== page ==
Introduced in 1991, the 7xi was a member of Minolta’s third generation of autofocus cameras. Minolta touted it as a significant technological advance with a 16-bit computer chip and built-in fuzzy logic. The “xi” stands for “expert intelligence,” and the xi cameras were hailed as being smart cameras that could be capable assistants. They did bring a number of innovations: eye-start, wireless TTL, AF focusing controlled by fuzzy logic, better movement prediction, Power Zoom, and a built-in four fps drive being the most prominent. The list of new features was quite long. Had Minolta skipped the modal menus in favor of buttons and made Power Zoom and eye-start optional, the xi series might have been better received.
Inspection and Appearance
My copy of the 7xi looks lightly used. The grip is smooth and shiny with no cracks or stickiness, and no scratches or dents are evident. It is full-bodied and rounded, more so than any other Maxxum. Although it isn’t heavy compared to non-xi Maxxums, it feels bulky and thick.
The first thing that strikes me on looking at xi cameras is how plain they are. From the front, one sees only the flash pop-up, lens release, and focus mode buttons. On top, there is the “P” button that returns the camera to program mode, the On-Off switch, the shutter release, wide-view button (unmarked), Card button for controlling Creative Expansion cards, and the front control dial. The wide view button allows one to zoom out while looking through the viewfinder. I understand what this button does, but is zooming out manually that much of a chore???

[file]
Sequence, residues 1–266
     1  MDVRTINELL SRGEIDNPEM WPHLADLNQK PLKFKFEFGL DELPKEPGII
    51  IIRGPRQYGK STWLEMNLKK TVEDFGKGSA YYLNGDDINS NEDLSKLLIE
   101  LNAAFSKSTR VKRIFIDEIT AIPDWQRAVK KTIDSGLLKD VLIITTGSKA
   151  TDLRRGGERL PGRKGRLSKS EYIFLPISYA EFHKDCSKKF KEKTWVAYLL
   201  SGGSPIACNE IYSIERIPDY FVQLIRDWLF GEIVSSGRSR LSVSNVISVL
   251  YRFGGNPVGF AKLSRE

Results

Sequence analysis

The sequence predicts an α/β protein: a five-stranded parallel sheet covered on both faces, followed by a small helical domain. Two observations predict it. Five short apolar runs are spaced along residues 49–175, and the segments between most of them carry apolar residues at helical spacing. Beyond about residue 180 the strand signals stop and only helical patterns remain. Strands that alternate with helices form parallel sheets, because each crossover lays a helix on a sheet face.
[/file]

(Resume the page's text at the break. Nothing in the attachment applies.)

The camera’s backside sports an AEL button, the back control dial, and the FUNC button. The FUNC button and front and rear control dials are what one uses to navigate the menu system. The camera’s right side has a door where one can access the self-timer/drive mode, flash mode, rewind, ISO, and Card Adjust buttons. The 7xi supports off-camera flash, which can be set using the flash mode button. The LCD is large and easy to read.
Function and Handling
The 7xi weighs about 23 ounces, three more than the 7000i. However, its bulk gives the impression it weighs much more. It is relatively thick in the grip area and fits well in my large hands. The viewfinder seems darker than earlier Maxxums, but to the designers’ credit, the viewfinder has been enhanced to include more information. In particular, I like the depth of field information provided when in P, PA, and aperture priority mode. Since I quickly decided the xi lenses were not for me, I haven’t used the wide-area button.